Date: Fri, 19 Apr 2002 10:18:28 +0200 From: "Gregor Zellmann" <gregor at blinx.de> Subject: High Pressure Lager Yeast L 36 Fello Brewers, yesterday I came across the very interesting website of the "Brewing Science Institute" BSI. ( http://www.brewingscience.com/ ) On their yeast listings I found: "L36 High-pressure Lager average apparent attenuation, medium flocculation, broad fermentation range Produces an authentic-tasting, mature lager beer in about a week. Ferments at room temperature under 15psi until final gravity is reached.Conditioned at near-freezing temperatures under 15psi for a few more days. Should not be repitched, but rather propagated fresh every time." A lager in a week? Sounds definitely interesting. Did anybody use and experiment with this strain? Is it a Saccaromyces Cerevisiae strain at all? What is the origin of this yeast? What stands the L for? How does beer fermented with that strain taste? I use heavy duty plastic fermenters, which could stand that pressure. I would only have to develop and attach a spring-valve that releases pressure above the 15 psi. That should not be a big problem. cheers Gregor Berlin, Germany Return to table of contents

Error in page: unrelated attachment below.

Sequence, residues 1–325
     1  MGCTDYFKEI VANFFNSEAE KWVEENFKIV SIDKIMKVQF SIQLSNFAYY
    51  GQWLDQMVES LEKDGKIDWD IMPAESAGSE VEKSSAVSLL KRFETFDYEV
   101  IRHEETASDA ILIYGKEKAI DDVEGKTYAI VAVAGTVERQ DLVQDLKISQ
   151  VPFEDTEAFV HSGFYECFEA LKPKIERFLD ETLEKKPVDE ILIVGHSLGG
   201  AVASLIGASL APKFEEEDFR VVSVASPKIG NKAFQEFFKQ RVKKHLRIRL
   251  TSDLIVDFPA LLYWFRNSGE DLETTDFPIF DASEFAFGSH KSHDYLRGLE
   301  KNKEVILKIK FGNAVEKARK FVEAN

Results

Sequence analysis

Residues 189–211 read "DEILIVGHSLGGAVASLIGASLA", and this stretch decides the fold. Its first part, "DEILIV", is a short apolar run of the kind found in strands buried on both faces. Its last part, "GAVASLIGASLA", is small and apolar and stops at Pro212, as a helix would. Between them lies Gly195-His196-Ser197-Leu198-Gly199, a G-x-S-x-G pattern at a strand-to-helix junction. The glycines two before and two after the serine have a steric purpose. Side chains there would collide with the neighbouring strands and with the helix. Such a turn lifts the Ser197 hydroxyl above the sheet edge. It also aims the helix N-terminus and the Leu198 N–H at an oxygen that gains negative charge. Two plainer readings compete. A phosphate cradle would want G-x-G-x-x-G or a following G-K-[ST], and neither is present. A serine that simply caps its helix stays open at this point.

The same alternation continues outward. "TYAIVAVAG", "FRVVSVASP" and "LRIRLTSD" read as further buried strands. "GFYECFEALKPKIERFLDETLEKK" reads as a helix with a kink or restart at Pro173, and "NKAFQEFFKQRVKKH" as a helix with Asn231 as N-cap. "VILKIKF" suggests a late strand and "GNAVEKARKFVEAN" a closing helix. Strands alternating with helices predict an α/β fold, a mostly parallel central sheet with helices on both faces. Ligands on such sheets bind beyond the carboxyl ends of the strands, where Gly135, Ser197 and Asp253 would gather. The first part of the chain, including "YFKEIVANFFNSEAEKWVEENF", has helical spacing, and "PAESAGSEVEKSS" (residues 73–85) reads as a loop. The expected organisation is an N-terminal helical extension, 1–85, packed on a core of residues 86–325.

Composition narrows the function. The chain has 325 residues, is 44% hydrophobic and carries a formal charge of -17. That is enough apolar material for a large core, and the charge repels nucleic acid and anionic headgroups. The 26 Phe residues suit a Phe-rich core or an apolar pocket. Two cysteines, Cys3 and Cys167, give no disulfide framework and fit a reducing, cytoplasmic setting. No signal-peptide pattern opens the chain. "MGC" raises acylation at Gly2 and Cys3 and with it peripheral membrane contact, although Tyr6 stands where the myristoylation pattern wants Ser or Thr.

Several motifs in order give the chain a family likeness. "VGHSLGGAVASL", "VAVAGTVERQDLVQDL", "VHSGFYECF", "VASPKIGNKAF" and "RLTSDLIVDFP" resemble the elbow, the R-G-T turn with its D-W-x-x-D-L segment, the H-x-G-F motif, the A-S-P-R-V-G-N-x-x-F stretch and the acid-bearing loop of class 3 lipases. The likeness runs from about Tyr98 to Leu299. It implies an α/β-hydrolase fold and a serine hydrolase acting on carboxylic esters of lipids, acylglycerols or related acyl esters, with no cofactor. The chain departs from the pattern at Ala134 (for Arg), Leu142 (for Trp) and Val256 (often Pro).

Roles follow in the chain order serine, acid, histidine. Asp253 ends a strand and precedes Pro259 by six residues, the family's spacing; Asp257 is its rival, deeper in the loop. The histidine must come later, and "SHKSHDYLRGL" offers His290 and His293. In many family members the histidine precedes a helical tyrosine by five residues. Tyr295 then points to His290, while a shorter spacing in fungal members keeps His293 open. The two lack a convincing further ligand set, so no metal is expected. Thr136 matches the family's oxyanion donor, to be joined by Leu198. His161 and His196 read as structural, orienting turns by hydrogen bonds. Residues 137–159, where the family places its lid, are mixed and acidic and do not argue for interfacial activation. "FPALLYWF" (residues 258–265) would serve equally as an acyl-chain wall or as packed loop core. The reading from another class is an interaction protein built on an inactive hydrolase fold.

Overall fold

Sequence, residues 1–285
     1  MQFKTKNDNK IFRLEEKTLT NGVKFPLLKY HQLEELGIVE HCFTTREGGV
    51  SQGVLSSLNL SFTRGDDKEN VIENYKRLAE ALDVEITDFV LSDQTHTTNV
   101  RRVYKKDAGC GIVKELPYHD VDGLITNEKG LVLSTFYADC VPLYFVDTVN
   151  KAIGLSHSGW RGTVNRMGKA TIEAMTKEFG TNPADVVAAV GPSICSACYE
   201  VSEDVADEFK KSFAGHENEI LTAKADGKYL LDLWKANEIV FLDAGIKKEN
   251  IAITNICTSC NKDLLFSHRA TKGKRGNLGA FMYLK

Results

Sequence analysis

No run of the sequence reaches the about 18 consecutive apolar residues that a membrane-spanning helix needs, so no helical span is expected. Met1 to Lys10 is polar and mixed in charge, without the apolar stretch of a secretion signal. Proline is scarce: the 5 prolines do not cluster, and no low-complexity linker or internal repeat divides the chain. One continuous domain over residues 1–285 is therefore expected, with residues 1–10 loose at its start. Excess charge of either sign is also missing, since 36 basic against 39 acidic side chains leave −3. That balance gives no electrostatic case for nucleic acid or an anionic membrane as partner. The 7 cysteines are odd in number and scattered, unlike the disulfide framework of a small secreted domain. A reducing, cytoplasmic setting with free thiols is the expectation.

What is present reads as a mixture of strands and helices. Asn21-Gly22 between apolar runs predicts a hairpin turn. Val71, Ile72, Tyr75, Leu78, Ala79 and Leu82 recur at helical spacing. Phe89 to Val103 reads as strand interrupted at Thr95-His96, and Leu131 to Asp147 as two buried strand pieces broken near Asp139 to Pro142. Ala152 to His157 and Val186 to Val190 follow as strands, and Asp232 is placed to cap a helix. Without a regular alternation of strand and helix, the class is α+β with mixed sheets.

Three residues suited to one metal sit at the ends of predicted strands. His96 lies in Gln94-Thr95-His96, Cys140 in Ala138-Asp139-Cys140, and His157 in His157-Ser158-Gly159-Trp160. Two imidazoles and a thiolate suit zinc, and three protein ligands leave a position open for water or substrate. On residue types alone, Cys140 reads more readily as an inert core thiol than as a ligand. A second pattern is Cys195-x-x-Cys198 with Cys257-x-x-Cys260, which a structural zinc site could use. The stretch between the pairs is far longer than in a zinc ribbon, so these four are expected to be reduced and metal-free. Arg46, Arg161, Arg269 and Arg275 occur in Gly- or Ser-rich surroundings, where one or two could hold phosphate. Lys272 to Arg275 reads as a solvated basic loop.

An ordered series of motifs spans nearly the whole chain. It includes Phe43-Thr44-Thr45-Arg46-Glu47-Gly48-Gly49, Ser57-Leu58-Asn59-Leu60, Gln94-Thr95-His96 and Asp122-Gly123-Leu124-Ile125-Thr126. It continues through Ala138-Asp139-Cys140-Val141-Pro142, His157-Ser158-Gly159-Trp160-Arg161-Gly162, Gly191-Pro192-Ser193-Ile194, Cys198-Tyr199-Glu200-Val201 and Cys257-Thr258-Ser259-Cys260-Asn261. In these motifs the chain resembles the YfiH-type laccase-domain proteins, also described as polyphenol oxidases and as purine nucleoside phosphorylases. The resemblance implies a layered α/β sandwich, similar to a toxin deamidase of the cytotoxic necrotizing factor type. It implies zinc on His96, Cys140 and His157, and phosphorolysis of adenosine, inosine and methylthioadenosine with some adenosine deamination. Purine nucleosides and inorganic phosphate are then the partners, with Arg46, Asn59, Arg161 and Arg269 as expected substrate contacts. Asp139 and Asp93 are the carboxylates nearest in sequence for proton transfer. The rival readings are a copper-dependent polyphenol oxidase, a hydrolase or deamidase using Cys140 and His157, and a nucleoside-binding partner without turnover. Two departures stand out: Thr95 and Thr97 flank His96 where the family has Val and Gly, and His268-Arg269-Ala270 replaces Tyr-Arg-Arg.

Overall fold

Date: Fri, 19 Apr 2002 08:22:43 -0400 From: "Charles R. Stewart" <Charles at TheStewarts.com> Subject: Klein & Synaesthesia On Thu, 18 Apr 2002, "James Sploonta" <biere_god at hotmail.com> >> For instance, not many would associate the term "mouthfeel" with bitterness or sweetness. Those are flavors. I have less difficulty with his wanton destruction of the meaning of the term "body" (to us, a class of "mouthfeel" descriptors - light, thin, rich, heavy, watery...) by using it to describe the physical touch-feel-see instantiation of the brew, but even this does not fit with our beer culture.<< Synaesthesia! That's the Klein's problem. He has that rare neurological condition that allows him to taste colors and feel flavors. I just plugged the two spellings into Google (synaesthesia and synesthesia) and came up with 12,700 and 22,600 fascinating links, respectively. These included The American Synesthesia Association - http://www.multimediaplace.com/asa/, and some other interesting ones - http://www.ncu.edu.tw/~daysa/synesthesia.htm and http://www.lunarium.net/synesthesia/syn.htm. Now the only question is whether this is naturally occurring or is of a chemical origin (hashish, peyote, ketamine, etc.). Case solved. Now it's time for a nice, loud beer. Chip Stewart Charles at TheStewarts.com http://Charles.TheStewarts.com Pursuant to United States Code, Title 47, chapter 5, Subchapter II, Section 227, any and all unsolicited commercial e-mail (spam) sent to this address is subject to a download and archival fee of US$500.00. The sending or forwarding of such e-mail constitutes acceptance of these terms. Return to table of contents